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English Literature: researching your dissertation: Finding primary sources

This guide gives an overview of the range of resources available to you when researching your dissertation topic. Topics covered include developing effective search strategies and finding scholarly primary and secondary source material.

Printed primary source materials in the Library

Once you have decided on your dissertation topic you will need to ensure you have read in detail the relevant primary source material, whether this is by a specific author, or relates to a particular genre, literary period or some other topic related to the discipline.  

You can use the Library catalogue Enterprise to search for primary sources either by author, title or by topic.

See our search tips for further help on finding:

Enterprise also provides information on rare book and archive collections held at Special Collections

Online primary source material: Library subscriptions

The Library also subscribes to a large number of online full-text primary sources. These can be used to supplement your research and, in some cases such as with EEBO and ECCO, will provide access to materials in their original published form.

Guides to using some of these resources are available online from the database suppliers:

Talks and discussions held at the Institute of Contemporary Arts, London, during the period 1982-1993, featuring leading writers, artists and filmmakers. - See more at:

Internet resources

Related websites

There are also many freely available online resources of primary source material like the British Library's Discovering Literature: Romantics and Victorians website, Renascence editions or the First World War Poetry Archive. For a range of freely available web resources sorted by topic or genre, see the Websites page of the English Literature online subject guide.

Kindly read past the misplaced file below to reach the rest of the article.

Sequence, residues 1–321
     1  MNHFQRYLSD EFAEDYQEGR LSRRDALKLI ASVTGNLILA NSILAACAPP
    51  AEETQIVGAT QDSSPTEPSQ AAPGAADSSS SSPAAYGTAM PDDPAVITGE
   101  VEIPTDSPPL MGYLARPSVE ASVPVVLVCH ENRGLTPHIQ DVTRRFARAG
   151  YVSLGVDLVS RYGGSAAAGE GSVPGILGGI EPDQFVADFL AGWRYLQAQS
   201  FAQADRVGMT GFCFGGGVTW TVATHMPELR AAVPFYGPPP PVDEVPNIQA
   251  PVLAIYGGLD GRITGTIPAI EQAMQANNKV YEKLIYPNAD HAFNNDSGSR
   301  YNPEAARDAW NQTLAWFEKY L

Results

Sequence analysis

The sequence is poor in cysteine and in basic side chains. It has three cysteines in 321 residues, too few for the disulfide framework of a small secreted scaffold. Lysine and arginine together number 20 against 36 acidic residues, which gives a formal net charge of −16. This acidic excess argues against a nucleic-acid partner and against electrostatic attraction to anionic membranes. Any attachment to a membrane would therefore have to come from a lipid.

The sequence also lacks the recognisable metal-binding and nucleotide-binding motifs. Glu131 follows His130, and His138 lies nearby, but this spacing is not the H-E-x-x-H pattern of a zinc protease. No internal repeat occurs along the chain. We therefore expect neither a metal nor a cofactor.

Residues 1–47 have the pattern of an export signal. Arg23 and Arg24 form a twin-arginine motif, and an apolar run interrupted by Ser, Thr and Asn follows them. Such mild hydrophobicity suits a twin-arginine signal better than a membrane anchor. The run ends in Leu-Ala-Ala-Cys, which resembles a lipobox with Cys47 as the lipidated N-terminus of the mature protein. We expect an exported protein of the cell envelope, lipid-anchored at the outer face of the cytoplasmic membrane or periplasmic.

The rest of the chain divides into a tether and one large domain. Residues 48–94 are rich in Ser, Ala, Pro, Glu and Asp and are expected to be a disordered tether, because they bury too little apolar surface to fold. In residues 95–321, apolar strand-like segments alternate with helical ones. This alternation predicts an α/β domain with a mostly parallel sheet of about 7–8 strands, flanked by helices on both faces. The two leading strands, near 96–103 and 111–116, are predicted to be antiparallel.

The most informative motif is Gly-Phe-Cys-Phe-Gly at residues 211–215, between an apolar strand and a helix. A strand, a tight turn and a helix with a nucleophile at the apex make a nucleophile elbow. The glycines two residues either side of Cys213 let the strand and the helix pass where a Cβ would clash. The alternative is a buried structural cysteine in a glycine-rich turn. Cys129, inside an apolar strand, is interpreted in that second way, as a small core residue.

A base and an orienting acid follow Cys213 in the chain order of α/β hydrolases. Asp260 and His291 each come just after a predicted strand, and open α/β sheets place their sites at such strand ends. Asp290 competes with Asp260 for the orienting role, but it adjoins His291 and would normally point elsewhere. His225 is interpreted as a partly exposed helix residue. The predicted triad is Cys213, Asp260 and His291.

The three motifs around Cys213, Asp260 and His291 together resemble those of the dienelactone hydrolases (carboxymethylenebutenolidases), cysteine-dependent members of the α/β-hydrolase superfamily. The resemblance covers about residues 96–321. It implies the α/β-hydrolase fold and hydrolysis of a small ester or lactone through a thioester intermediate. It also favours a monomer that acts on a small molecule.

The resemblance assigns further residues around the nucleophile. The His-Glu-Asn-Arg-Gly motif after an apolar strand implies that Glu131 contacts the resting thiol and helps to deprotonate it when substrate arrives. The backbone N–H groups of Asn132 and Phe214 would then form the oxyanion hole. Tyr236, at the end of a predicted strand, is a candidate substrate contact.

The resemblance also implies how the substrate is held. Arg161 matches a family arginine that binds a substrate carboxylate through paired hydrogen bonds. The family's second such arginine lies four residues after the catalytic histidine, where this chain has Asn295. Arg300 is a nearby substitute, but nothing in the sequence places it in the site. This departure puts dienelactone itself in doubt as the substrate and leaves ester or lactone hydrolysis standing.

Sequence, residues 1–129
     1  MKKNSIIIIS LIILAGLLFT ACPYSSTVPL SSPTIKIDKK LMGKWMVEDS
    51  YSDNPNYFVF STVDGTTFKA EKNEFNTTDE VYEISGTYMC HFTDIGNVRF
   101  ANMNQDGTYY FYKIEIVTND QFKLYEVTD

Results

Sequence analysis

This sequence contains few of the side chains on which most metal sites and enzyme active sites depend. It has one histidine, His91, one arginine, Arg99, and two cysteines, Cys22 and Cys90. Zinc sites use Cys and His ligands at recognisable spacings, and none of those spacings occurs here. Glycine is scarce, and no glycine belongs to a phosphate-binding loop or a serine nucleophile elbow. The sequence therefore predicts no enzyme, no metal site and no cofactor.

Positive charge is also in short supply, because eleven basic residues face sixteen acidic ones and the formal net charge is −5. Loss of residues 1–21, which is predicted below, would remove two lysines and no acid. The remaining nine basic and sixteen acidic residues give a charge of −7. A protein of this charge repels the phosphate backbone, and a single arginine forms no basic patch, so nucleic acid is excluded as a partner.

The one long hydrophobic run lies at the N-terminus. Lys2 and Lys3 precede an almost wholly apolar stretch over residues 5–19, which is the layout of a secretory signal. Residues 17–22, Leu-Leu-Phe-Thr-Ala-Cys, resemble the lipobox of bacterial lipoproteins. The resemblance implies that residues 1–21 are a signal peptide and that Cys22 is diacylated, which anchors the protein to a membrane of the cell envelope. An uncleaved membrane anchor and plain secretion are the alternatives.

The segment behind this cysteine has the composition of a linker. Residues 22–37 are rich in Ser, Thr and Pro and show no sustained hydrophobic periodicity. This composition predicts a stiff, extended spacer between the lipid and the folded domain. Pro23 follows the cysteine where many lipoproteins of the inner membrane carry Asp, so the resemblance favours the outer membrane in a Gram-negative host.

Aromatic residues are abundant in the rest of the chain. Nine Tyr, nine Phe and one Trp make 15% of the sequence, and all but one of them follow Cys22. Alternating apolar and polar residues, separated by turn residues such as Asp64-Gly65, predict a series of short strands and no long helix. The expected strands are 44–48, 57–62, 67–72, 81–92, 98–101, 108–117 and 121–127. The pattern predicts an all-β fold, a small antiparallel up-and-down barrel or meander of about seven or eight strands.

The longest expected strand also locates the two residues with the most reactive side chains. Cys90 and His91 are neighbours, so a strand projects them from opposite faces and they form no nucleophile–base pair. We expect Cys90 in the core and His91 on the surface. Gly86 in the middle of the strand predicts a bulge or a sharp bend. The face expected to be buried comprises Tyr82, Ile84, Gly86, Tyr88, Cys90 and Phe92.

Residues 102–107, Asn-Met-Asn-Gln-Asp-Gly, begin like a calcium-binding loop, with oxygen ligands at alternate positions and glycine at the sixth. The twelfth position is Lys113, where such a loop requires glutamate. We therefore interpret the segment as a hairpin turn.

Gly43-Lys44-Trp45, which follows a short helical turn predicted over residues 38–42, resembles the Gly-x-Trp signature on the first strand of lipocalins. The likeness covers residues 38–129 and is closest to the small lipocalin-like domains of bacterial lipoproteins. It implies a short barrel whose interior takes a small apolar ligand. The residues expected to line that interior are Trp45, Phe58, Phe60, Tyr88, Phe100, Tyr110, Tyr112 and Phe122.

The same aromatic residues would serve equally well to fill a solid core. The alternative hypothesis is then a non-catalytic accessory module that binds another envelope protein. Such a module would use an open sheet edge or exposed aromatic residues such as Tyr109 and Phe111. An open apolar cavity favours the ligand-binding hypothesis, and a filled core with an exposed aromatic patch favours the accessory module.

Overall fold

Recorded author interviews

As well as printed material, sound recordings of interviews may also prove useful. The following are a few of the archives available which relate to English and American Literature.

Contemporary newspapers and periodicals

Contemporary newspapers and periodicals can also provide useful primary source material.

  • Articles may provide context to the historic, political or social concerns of the period you are studying, or about which your author based their work.
  • Reviews of particular works or productions, will give you an idea of how these were received at the time they were first published/produced and, for example, may indicate whether this influenced future editions or ways of promoting authors and their works.
  • 19th Century publications can illustrate how some major authors first published their work in serial form, e.g. Tess of the Durbervilles (in The Graphic - accessible from 19th Century British Newspapers) or Hard Times (in Household Words - accessible via British Periodicals).

For further guidance on finding newspapers, and the range of titles available to you, see our information on the Library website.

Using Special Collections for your dissertation research

Special Collections provides access to a great deal of primary source materials including rare books, authors' papers and archive collections such as the Archive of British Publishing and Printing

Examples of these include:

You can search the collections by category or keyword, or browse an A-Z list.

If you would like to make use of the University's Special Collections for your dissertation research, a good place to start would be the English and American Literature Subject Explorer. This guide has been created to help you make use of the University of Reading Special Collections in your dissertation.

English DissertationSubject Explorer

Location Register of English Literary Manuscripts and Letters

The Location Register includes information about the manuscript holdings of British and Irish repositories of all sizes, from the British Library to small-town museums, and about literary authors of all genres, from major poets to minor science fiction writers and romantic novelists.

Further information about the Register, and how to search it.